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  • Keith Bormuth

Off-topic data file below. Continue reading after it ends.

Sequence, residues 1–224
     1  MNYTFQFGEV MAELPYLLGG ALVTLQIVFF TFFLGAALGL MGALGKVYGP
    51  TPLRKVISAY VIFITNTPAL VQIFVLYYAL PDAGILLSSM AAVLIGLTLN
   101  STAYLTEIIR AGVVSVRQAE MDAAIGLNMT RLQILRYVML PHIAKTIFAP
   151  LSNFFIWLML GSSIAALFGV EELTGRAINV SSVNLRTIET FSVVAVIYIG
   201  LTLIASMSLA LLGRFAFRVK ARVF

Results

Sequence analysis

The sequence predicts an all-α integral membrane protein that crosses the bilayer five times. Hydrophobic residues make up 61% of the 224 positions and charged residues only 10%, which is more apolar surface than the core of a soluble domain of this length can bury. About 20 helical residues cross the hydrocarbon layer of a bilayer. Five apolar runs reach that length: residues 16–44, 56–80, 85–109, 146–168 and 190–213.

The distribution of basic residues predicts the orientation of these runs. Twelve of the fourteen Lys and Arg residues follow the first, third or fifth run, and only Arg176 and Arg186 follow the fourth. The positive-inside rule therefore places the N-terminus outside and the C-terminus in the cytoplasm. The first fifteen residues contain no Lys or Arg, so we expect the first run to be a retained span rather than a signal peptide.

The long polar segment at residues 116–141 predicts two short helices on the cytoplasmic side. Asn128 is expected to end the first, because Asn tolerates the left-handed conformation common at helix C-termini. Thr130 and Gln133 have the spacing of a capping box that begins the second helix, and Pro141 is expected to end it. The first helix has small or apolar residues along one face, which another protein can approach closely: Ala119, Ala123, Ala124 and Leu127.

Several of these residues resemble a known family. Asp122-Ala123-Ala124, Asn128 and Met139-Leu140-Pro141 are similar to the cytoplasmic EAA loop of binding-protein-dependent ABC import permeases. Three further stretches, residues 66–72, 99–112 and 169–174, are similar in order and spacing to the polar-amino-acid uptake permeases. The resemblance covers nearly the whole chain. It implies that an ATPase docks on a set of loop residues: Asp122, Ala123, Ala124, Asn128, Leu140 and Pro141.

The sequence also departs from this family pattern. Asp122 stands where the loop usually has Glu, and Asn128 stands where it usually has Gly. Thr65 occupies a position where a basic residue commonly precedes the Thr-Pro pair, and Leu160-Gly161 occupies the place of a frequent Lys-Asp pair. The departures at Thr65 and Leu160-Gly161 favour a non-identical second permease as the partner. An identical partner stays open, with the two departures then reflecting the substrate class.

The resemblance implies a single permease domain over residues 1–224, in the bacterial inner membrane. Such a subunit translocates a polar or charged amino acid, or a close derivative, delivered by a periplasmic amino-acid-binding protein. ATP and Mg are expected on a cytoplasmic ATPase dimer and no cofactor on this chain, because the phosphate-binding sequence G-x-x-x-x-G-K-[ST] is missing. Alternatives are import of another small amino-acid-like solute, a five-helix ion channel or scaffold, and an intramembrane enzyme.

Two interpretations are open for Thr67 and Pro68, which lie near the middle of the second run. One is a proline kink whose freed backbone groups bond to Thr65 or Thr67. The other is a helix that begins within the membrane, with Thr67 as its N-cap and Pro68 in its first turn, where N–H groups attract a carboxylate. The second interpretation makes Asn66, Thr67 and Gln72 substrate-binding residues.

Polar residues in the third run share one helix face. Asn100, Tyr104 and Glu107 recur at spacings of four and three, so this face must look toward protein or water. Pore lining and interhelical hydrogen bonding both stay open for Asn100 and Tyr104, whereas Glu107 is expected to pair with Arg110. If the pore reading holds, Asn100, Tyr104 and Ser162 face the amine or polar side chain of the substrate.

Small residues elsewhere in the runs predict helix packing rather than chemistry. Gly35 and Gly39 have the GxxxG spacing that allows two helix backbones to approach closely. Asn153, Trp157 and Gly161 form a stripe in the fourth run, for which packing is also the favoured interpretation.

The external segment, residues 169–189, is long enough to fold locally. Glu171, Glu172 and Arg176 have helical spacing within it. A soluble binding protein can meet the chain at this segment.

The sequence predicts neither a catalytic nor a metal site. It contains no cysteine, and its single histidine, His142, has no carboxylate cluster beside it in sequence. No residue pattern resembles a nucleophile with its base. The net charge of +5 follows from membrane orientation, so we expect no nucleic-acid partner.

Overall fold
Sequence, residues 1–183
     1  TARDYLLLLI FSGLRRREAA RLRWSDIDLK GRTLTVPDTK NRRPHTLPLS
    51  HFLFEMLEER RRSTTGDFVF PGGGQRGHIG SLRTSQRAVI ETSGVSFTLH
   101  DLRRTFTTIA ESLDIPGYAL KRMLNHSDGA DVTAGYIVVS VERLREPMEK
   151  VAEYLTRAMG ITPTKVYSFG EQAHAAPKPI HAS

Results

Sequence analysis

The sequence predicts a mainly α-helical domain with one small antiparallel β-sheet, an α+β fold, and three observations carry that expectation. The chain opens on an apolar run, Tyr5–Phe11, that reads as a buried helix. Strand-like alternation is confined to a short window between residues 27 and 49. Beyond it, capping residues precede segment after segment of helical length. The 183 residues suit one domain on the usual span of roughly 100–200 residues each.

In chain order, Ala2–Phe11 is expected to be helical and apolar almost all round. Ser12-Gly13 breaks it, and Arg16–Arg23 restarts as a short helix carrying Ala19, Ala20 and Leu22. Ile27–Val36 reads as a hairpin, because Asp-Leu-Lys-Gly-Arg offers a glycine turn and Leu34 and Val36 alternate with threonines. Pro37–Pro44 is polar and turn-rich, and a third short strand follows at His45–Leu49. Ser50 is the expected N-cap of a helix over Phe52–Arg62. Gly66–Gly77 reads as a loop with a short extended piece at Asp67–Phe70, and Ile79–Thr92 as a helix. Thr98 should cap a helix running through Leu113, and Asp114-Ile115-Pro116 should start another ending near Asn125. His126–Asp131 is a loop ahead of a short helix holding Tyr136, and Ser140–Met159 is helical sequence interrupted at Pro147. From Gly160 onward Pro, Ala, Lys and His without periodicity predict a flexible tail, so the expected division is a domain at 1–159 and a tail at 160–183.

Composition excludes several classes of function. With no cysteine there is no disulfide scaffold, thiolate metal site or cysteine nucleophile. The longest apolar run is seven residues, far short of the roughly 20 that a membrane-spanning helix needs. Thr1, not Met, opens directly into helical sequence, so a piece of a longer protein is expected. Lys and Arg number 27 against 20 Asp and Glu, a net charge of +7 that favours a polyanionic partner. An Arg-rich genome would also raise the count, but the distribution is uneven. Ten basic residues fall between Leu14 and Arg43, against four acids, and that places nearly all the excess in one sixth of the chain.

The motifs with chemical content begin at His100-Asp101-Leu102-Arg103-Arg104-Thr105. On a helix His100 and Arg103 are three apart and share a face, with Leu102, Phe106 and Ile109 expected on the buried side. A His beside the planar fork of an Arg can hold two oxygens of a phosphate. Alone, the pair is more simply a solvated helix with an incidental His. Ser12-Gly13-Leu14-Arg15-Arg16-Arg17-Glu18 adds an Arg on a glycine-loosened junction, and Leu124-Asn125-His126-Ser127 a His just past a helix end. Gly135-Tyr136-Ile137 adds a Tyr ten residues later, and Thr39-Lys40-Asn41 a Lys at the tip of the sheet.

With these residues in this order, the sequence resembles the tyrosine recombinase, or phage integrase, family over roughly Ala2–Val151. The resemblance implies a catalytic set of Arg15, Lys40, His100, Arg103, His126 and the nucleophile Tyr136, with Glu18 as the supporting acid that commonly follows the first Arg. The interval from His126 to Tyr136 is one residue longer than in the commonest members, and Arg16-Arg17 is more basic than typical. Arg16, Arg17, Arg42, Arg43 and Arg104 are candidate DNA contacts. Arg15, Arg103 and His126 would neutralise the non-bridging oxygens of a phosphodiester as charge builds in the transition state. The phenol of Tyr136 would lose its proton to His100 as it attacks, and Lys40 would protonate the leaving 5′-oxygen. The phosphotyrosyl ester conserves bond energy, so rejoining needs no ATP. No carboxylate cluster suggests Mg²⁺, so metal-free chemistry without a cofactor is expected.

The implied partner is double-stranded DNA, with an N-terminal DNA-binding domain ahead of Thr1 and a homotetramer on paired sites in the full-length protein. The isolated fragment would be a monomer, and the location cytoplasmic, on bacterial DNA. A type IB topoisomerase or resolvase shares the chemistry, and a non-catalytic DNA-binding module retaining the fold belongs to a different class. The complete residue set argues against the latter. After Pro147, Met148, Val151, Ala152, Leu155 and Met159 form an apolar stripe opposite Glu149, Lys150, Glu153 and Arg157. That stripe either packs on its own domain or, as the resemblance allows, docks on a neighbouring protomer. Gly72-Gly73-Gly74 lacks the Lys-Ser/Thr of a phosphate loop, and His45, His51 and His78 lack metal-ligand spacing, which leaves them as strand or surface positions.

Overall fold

I really enjoyed this piece. I have never had whole allegiance with much of the Surrealists' beliefs or practices, except for Bataille (who arguably elevated their pursuit with a more significant magnitude, even before he disbanded from the group) or Caillois. I also wouldn't encourage what the Surrealists perceived as the unrestricted upheaval of the unconscious by way of writing, especially now, where textual babble is par for the social network course (also, spam bots that napalm chat rooms have a peculiar cameo here, the internet's automatic writing?). The "collective hallucination" as you so greatly put it seems to be found already and directly in behaviors that currently are considered reasonably logical, like user engagement, participation, sharing, blogging ... the new and magnificent, open-sourced subjectivism. I would be interested in your thoughts on Barthes and the Death of the Author in relation to the current cimate's use of rhetoric. And I appreciate your paragraph on popular fiction as a function of order; it would be a great investigation to ask what is a derangement of the senses now? I don't know if automatic writing is enough, or even if as a process it contains anything unexpected and new now?